Blogs - Do they last?

Blogs – Do they last?

Here at the PINT blog you can see that we don’t post every day – far from it.  Like most busy Web firms there are lots going on and some things take precedent.   Writing-wise we are far from lazy – some of us post on personal blogs, some of use write books (PLUG:, and of course there is lots of writing involved in launching Web sites and doing maintenance for all our clients.  However, we just don’t post on the corporate site that much.  Not that we don’t have lots to say, just not lots of time and maybe some sense of self-editing waiting for something useful to say.

Not to say that today is the most useful post, but it does address a common question about blogs – frequency and longevity.  So if you are like us when you see those who are busy posting in blogs all time and others even twittering about every consequential and inconsequential moment of their life you might just wonder “how is it reasonably possible to be full participant in this Web of thought and writing and do anything else?” I’ve come to the conclusion – you just can’t be such a frequent online participant like this at least not for long or in a meaningful way without significant effort that will likely keep you from other things in life.

This is no Friday the 13th gloominess, not at all. It’s just a simple observation backed by my own personal measurement.  You see today I had the chance to peruse a few hundred links to blogs of interest I have collected over the years as I moved and synched everything up in Foxmarks.  I decided to clean up my blogs folder which was filed with sites written by folks who had interesting things to say about Web design and development, JavaScript, usability, programming languages, SEO, and all sorts of related topics.  The bad news was that at least half the sites were simply done.  A large number were done forever–domain squated, 404, and so on.   However more were just caught in time– no posts for many, many months or in a number of cases years.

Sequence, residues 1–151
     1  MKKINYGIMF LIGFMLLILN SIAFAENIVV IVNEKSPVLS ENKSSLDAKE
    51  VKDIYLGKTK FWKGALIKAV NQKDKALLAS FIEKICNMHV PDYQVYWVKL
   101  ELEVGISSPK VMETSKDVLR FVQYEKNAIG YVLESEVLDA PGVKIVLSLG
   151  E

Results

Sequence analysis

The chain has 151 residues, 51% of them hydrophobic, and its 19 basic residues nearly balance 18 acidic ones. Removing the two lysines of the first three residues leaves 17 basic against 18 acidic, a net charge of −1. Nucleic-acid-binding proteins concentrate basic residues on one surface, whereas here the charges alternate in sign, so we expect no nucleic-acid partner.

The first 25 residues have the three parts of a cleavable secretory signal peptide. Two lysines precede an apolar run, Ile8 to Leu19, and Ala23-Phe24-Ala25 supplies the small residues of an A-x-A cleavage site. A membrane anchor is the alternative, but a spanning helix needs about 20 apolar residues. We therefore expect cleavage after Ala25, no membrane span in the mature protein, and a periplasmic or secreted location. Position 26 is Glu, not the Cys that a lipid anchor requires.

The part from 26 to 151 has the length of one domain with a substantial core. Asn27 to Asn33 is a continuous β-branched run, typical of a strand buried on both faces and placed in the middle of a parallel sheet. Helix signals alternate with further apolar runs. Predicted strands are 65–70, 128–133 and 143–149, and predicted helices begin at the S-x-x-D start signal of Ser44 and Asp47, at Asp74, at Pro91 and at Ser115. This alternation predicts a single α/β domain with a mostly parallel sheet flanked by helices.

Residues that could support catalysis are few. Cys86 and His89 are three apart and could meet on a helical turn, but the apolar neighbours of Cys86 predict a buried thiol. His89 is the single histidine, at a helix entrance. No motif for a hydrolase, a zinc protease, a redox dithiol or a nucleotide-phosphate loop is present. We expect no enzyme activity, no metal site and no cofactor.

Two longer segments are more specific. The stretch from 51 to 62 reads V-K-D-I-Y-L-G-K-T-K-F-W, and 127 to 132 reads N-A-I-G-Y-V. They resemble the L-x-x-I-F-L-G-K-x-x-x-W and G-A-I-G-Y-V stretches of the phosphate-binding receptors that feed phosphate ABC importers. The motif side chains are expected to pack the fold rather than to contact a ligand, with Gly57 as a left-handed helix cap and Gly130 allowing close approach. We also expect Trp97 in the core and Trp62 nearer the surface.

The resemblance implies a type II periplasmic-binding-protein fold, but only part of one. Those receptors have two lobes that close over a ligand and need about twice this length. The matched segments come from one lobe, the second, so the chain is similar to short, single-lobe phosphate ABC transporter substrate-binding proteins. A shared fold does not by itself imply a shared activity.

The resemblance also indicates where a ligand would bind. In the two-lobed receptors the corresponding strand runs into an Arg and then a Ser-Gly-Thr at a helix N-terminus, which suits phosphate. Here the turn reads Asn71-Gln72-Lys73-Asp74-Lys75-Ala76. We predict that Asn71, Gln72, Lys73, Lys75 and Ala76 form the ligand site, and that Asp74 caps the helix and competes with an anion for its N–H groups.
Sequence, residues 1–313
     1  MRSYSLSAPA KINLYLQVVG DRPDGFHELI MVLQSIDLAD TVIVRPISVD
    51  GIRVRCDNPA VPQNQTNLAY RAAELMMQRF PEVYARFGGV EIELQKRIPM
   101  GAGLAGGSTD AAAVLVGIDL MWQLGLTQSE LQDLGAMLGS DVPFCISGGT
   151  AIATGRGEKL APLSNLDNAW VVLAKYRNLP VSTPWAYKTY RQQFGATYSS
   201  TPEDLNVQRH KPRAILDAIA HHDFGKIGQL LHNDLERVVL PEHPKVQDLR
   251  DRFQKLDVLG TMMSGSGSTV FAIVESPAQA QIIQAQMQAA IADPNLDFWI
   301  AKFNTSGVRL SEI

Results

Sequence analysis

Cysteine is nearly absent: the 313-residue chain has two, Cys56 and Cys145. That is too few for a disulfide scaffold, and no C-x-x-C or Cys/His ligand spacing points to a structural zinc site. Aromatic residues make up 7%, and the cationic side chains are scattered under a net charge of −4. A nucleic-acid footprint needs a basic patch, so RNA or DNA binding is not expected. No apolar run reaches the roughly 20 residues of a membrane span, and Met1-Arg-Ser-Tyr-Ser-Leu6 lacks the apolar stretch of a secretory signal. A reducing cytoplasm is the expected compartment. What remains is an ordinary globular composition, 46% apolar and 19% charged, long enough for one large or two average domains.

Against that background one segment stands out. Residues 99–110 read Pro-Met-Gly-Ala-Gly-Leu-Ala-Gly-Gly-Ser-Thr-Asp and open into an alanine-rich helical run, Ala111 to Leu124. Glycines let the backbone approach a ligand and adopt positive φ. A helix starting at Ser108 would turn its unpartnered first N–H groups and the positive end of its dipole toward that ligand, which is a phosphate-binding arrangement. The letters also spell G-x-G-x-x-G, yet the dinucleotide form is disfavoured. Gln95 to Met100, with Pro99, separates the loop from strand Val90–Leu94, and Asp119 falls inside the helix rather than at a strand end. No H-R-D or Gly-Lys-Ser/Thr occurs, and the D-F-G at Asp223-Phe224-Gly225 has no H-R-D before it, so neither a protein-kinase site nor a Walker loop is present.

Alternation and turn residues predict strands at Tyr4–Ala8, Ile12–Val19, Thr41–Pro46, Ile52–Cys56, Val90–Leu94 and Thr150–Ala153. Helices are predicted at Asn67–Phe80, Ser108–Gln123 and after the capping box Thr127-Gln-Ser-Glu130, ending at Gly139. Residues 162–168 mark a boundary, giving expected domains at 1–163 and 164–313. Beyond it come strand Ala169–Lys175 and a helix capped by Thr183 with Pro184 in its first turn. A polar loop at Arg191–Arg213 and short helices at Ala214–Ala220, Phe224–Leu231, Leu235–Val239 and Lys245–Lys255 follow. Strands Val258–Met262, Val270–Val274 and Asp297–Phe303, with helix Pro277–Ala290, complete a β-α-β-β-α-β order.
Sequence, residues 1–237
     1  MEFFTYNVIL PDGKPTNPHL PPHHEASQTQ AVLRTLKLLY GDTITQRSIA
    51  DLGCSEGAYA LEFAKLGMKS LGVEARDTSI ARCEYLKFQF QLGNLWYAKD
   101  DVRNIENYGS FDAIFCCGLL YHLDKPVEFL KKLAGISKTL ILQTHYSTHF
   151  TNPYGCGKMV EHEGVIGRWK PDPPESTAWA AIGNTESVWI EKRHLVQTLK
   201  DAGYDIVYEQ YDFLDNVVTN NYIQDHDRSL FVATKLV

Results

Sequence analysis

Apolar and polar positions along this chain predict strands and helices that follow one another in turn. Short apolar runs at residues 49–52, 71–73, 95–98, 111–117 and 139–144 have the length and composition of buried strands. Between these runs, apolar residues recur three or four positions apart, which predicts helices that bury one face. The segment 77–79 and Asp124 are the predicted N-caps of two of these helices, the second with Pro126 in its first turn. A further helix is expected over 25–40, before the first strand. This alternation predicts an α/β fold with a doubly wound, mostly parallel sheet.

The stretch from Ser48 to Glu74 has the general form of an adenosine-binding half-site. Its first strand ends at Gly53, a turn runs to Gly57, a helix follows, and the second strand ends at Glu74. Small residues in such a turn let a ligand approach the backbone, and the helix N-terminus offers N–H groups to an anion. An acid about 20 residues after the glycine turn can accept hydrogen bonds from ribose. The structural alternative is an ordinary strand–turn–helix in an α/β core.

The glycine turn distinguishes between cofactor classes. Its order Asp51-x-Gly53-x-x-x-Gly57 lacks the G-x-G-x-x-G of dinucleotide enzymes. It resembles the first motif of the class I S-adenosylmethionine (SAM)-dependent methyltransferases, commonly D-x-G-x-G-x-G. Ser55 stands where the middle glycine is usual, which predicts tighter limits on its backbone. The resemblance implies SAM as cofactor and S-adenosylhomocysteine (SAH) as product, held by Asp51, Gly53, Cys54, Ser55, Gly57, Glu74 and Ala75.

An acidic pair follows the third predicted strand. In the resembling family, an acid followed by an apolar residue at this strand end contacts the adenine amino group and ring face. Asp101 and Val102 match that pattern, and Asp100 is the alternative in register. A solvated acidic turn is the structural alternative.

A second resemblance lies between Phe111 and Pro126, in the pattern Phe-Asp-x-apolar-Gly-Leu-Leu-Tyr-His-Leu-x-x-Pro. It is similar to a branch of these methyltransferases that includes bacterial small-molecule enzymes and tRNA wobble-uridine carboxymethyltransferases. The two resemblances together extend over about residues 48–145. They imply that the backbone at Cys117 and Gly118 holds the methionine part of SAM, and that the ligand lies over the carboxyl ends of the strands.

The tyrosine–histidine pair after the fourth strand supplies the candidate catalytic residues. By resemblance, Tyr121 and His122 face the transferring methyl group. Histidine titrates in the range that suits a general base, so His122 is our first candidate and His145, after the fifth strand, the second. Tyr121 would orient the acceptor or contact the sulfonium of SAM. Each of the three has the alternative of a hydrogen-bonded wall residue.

Despite my nearly daily scans I just hadn’t really noticed the change. Sure my RSS feeds didn’t show much, but I didn’t measure time and think to see what was going on – to understand just how long it had gone since I read any interesting thought from a Canadian designer, pondered a careful analysis of a chief Info Architect at Bank of America, or discovered the cool findings of a New York City based JavaScript expert.  As I deleted the sites I saw quite a number had moved on to well known Web firms with a few posts about the transition and then silence.  It appeared that the blog helped them land a more meaningful job which then took over all their time and attention. However, quite a number of the sites just seemed to peter out.  The posts were longer and longer between and the nature of the posts less about Web design and more just random observations of life or mentions of the occasional milestone met with a son or daughter.   Those truly are important posts, but it does make you ponder the immense difficulty it takes to write with frequency about any topic.

My finding is clearly not a unique view of the world (5 Stages of Blogging – From Creation to Abandonment ) which ironically is on a site which is suffering from lack of post/interest fatigue itself – quoting the blog owner most recent post which is “* In honor of my light to non-existent posting lately*” Just add me to the list of those who have observed the idea firsthand.

So if you have a blog or just read one show some respect to those bloggers who do it day after day, year after year and do it well — they really are rarer than you might think.


Related Articles


Accessibility on the Modern Web

There’s been a lot of buzz in the news lately about accessibility, specifically in reference to the dozens of ADA lawsuits that seem to be more and more...

Online Marketing

Key Considerations for Investor Relations Websites

Creating an Investor Relations page that grabs the attention of various shareholders and instills confidence in your business is a crucial part of your company’s...

Case Studies

Improved Search Engine Optimization for a Medical Technology Company

Project Summary Glaukos had a 22% increase in organic search traffic and a 67% increase in form submissions through PINT’s initial round of search engine...